"The synchronization (of acquisitions - BNS) is not such a simple thing. We are trying to synchronize the purchase of multiple rocket launchers with the Baltic countries. Of course, the minister and I talked about the areas where we can develop our joint effort, including the area of coastal defense, and I think we will consider it," Anusauskas told journalists.

Meanwhile, Blaszczak said he had "somewhat jokingly" suggested that Lithuania should buy Polish air defense systems Piorun.

"It turns out this weapon is very effective, and the Ukrainians are using it and it is designed for air defense", the Polish minister said, adding that Warsaw is open to the idea of procurement synchronization.

"We can coordinate the purchase of other types of weapons. We are close neighbors, so let's take advantage of the fact that our armed forces use the same or similar weapons", Blaszczak said.

"Long-term threat"

Both Lithuania and Poland see the need to bolster their military capabilities and to hold Russia accountable for the war in Ukraine, Anusauskas said.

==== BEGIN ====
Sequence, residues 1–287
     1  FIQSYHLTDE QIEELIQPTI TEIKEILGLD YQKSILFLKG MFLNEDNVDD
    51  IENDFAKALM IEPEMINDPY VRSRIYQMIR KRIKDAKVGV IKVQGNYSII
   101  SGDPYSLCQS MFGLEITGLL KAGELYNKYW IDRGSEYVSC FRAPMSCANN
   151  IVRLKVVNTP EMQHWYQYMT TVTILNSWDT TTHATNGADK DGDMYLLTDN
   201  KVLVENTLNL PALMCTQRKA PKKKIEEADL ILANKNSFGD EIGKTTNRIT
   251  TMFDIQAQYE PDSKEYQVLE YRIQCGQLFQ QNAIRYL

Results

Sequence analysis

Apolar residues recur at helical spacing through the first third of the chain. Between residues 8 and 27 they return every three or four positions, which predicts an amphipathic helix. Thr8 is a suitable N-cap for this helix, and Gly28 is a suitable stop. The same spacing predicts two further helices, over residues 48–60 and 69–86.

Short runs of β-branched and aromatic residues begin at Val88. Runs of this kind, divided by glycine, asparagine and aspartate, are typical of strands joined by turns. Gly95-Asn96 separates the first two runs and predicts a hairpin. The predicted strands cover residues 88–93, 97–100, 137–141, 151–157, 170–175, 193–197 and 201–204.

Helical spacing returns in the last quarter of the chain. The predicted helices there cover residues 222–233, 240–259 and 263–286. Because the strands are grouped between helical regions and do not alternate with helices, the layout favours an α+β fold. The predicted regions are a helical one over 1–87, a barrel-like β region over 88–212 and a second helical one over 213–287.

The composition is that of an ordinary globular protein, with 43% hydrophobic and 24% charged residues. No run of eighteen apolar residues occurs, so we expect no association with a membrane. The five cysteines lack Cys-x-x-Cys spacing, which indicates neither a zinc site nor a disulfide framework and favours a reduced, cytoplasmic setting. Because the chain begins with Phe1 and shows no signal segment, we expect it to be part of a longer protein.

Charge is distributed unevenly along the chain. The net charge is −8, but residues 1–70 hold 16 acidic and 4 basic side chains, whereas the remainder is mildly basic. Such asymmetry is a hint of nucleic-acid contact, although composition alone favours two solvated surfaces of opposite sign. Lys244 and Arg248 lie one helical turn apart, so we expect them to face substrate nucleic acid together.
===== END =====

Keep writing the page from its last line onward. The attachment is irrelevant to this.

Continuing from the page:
The two ministers say they agreed on closer cooperation in the area of cyber security, as well as on transforming NATO's multinational forces into brigades.

"Both Poland and Lithuania view Russia as a long-term threat to the West," the Lithuanian minister said.

Anusauskas and Blaszczak signed an agreement to continue active defense cooperation.

"The free world must do everything to stop Russia," the Polish minister said, adding that money spent on military acquisitions is not an expense but a security investment.

Blaszczak also voiced his belief that the existing sanctions for Russia must be tightened.

"These sanctions must be very serious not to allow the Kremlin to rebuild its military potential", he said.

Suwalki Corridor

The Polish minister also backed Finland's aspiration to join NATO as it would boost the security of the Baltic states and Poland, limiting Russia's aggressive action and the likelihood of invasion.

"Poland stands ready to ratify the Finnish-NATO treaty without delay," Blaszczak said.

Once Finland joins NATO, cooperation between Warsaw and Vilnius on the defense of the Suwalki Corridor should not change, Anusauskas said.

"Looking at the overall picture in the region, the eastern flank is getting stronger in terms of security", he said.

The Lithuanian minister hopes Finland's membership would be taken into account during the preparation of new defense plans for NATO's eastern flank.

On Thursday, Finnish President Sauli Niinisto and Prime Minister Sana Marin backed the country's accession to NATO, stressing that Finland's membership would strengthen the country's security and "the whole defense alliance".

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